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Year : 2013  |  Volume : 26  |  Issue : 1  |  Page : 4-8

Medical students' and residents' conceptual structure of empathy: A qualitative study

1 Department of General Medicine, Faculty of Medicine, Graduate School of Education and Human Development, Nagoya, Japan
2 Educational Sciences, Graduate School of Education and Human Development, Nagoya University, Nagoya, Japan
3 Skillslab, Faculty of Health, Medicine and Life Science, Maastricht University, Maastricht, Netherlands

Correspondence Address:
Muneyoshi Aomatsu
Department of Education for Community-Oriented Medicine, Nagoya University Graduate School of Medicine, Nagoya, Japan 65 Tusurmai-cho, Showa-ku, Nagoya, 466-8550
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Source of Support: None, Conflict of Interest: None

DOI: 10.4103/1357-6283.112793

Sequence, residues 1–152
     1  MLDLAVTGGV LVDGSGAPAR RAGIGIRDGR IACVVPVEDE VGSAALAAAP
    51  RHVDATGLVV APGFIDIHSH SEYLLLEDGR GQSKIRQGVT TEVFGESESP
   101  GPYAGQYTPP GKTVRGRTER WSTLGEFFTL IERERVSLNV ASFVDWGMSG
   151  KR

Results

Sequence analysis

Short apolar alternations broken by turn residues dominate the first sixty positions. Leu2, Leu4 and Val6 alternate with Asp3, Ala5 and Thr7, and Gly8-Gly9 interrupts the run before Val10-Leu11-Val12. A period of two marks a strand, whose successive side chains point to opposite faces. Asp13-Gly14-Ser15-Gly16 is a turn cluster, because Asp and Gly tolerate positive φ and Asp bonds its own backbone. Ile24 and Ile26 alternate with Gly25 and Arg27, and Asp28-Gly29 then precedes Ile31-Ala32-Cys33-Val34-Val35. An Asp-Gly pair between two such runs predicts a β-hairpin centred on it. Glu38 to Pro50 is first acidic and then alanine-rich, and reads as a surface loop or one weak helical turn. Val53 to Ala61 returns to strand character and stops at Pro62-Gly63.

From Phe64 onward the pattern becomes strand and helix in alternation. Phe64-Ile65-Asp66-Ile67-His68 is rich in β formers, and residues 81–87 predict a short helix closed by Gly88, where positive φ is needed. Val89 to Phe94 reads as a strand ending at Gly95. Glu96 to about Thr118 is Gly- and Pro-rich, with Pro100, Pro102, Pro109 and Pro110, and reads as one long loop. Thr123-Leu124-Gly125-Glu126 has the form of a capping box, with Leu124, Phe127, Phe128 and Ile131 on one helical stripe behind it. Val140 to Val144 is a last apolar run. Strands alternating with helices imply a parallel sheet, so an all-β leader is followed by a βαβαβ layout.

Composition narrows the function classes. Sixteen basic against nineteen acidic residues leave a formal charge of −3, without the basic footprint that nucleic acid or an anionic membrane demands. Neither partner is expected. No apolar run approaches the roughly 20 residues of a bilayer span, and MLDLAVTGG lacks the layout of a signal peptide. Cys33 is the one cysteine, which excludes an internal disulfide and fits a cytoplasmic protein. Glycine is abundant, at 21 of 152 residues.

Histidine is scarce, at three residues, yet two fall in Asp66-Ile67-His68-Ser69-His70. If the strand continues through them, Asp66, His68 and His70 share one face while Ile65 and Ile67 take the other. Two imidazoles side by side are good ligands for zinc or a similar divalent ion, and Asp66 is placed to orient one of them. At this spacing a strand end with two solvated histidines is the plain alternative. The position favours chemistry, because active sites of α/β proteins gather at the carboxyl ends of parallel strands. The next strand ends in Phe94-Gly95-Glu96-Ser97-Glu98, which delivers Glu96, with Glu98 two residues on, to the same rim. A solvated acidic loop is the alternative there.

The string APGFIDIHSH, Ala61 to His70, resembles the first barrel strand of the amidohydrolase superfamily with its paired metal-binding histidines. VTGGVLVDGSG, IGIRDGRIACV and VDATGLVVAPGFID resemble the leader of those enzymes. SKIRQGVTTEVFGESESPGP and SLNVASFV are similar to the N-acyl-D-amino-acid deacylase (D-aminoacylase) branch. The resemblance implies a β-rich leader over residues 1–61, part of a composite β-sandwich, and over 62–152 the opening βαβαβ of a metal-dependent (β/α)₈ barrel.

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Background: Empathy is a crucial component of medicine. However, many studies that have used quantitative methods have revealed decline of learners' empathy during undergraduate and postgraduate medical education. We identified medical students' and residents' conceptual structures of empathy in medicine to examine possible differences between the groups in how they conceive empathy. Methods: We conducted a qualitative study with two focus group discussions in which six medical students and seven residents participated separately. The transcripts of the focus group discussions were analysed combining qualitative data analysis and theoretical coding. Results: Medical students and residents had different conceptual structures of empathy. While medical students thought that sharing emotions with patients was essential to showing empathy, residents expressed empathy according to their evaluation of patients' physical and mental health status. If the residents thought that showing empathy was necessary for the care of patients, they could show it, regardless of whether they shared the patients' emotions or not. Conclusions: The comparison of medical students' and residents' conceptual structures of empathy reveals a qualitative difference. Residents show more empathy to their patients by a cognitive decision as clinicians than medical students do. Communication skills training should consider the qualitative change of students' and residents' empathy with clinical experience. We should consider the change when we evaluate learners' empathy and introduce methods that cover the qualitative range of empathy.

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